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A?mad Ibn ?awq’s Ta?l?q (d. 1510) is one of only a few examples that survived from an indigenous... mehr
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A?mad Ibn ?awq’s Ta?l?q (d. 1510) is one of only a few examples that survived from an indigenous arabic diary tradition which lasted about a thousand years. It is also by far the most extensive one, its edition amounting to almost 2,000 pages covering twenty years.Despite considerable scholarly attention in recent years, this is the first monograph dedicated to the Ta?l?q, not as a source but as the subject of inquiry. To these ends, Torsten Wollina discusses it as an ego-document shedding new light on the interdependence of text form and presented information.The first of four chapters frames the study by placing the Ta?l?q within the arabic diary tradition, which conformed both to the needs of historians (as primary sources) and to those of each author (as a pragmatic text for everyday use). Chapters 2 and 3 give attention to Ibn ?awq’s worldview, treating his household and his social contacts in the wider world, respectively. The final chapter addresses the author's self image and the concepts of self available in his times.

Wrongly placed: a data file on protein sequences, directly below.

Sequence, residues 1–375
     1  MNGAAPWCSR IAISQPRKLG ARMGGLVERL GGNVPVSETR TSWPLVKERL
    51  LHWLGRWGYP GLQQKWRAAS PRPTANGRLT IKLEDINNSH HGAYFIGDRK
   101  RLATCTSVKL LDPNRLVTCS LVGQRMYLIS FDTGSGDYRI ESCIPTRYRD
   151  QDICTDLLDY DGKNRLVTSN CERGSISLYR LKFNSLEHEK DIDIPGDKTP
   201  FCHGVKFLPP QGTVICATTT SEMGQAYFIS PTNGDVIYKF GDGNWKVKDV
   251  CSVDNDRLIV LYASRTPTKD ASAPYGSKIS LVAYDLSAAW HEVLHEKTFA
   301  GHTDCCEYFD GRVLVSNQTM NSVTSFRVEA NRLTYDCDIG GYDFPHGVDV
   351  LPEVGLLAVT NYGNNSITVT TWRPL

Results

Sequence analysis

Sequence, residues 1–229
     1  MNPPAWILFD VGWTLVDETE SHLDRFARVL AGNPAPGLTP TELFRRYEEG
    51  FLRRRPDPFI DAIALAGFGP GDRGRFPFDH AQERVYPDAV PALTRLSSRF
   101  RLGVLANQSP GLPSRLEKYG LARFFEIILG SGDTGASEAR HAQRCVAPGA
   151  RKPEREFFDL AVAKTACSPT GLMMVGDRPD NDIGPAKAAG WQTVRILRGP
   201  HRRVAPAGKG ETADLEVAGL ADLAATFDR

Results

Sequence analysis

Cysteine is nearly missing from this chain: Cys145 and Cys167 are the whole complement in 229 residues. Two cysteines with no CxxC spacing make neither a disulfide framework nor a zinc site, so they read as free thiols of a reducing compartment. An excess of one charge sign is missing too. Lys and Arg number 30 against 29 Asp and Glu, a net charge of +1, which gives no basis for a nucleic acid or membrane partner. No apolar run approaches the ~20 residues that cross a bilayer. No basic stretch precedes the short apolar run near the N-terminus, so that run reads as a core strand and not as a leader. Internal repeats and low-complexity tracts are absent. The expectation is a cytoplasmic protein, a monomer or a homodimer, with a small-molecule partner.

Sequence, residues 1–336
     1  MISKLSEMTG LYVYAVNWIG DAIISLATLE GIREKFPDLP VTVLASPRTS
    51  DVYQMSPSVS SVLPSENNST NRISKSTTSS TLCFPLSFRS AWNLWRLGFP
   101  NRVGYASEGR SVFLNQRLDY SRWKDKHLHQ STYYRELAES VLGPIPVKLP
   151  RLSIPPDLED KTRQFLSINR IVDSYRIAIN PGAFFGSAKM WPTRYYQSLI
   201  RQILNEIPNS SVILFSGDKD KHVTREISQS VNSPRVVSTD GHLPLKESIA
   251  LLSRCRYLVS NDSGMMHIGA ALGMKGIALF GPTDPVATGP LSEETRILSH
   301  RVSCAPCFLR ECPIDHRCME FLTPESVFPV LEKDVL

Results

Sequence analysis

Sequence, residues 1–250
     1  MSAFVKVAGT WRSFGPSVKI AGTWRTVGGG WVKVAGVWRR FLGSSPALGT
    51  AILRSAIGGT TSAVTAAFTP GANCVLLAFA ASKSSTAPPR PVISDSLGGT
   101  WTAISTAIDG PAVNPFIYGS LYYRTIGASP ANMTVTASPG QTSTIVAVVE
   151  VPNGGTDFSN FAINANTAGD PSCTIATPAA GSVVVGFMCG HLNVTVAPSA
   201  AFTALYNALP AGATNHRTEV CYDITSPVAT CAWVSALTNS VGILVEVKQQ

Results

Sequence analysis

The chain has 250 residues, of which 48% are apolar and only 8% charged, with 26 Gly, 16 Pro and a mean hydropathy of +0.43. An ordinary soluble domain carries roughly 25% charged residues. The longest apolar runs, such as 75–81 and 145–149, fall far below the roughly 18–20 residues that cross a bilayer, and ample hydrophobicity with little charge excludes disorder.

Maße (BxHxT): 16 x 23,5 x 1,9cm, Gewicht: 0,52 kg
Mamluk Studies Zur gesamten Reihe